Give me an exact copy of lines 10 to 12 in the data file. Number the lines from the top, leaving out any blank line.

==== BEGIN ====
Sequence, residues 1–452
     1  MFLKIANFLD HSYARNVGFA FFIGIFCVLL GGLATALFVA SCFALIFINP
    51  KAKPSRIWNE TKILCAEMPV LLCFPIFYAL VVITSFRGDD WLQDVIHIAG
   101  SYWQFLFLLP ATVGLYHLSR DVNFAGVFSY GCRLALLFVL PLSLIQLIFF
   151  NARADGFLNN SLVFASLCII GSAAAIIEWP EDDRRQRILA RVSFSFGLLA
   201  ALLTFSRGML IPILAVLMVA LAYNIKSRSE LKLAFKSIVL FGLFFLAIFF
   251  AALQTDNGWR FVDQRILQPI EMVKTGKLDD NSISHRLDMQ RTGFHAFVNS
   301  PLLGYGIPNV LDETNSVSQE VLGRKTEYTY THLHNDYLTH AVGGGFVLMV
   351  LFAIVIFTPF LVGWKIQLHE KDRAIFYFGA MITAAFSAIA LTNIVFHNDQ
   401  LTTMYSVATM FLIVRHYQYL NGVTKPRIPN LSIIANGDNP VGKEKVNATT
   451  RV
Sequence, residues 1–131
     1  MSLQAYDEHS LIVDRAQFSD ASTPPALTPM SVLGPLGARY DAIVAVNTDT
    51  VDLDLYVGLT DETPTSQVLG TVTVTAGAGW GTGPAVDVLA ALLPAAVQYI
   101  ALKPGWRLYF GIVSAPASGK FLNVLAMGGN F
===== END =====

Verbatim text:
   401  LTTMYSVATM FLIVRHYQYL NGVTKPRIPN LSIIANGDNP VGKEKVNATT
   451  RV
Sequence, residues 1–131